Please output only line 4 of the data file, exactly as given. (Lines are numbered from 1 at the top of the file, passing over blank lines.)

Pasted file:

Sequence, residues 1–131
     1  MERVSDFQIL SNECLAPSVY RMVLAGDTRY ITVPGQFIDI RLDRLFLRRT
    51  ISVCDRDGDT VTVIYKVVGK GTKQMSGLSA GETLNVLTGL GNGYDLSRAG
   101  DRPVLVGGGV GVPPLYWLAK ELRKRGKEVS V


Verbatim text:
   101  DRPVLVGGGV GVPPLYWLAK ELRKRGKEVS V